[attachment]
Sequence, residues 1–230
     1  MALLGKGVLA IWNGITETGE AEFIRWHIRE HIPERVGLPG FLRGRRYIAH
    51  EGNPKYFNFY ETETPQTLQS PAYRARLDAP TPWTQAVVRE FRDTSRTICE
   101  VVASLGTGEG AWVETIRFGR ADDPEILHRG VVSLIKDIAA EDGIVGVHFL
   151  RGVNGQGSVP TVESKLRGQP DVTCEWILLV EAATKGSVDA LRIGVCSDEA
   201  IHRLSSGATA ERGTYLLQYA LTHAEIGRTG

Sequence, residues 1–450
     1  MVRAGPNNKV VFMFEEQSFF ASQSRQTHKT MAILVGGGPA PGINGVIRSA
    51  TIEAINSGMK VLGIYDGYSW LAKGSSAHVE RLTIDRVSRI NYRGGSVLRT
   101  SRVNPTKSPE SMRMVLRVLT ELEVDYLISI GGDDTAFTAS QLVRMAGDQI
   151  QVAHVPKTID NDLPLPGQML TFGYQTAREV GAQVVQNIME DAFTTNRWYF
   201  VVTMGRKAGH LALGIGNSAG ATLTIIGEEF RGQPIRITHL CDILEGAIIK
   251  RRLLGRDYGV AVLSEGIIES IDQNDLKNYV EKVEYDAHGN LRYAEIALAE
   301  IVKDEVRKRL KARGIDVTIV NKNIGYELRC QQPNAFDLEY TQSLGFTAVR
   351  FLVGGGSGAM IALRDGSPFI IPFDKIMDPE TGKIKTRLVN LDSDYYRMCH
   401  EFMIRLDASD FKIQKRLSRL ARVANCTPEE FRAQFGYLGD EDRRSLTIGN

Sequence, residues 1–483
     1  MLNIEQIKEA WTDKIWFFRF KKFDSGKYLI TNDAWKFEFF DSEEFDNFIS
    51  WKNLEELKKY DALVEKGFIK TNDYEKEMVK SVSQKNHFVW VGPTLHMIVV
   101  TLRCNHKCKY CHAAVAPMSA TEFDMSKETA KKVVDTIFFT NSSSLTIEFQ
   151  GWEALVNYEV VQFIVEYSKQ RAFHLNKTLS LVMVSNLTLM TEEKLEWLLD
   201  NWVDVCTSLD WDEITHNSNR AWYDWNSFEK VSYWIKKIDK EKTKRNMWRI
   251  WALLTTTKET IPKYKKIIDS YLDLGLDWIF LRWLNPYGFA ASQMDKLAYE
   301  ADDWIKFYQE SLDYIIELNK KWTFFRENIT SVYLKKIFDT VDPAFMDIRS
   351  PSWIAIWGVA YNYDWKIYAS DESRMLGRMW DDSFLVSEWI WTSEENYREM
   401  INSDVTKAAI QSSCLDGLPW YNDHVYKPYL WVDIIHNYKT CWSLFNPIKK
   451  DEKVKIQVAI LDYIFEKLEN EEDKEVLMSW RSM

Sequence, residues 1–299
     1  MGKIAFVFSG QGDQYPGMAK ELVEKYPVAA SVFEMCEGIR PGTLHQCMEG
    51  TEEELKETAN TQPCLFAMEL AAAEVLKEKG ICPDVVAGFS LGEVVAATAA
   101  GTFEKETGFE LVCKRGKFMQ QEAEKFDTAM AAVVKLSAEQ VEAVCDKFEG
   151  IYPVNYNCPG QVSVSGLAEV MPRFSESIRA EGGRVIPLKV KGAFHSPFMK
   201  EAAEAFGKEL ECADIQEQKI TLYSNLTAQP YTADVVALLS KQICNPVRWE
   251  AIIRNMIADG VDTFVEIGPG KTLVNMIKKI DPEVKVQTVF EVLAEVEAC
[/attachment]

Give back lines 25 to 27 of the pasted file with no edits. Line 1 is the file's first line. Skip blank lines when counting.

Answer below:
   351  PSWIAIWGVA YNYDWKIYAS DESRMLGRMW DDSFLVSEWI WTSEENYREM
   401  INSDVTKAAI QSSCLDGLPW YNDHVYKPYL WVDIIHNYKT CWSLFNPIKK
   451  DEKVKIQVAI LDYIFEKLEN EEDKEVLMSW RSM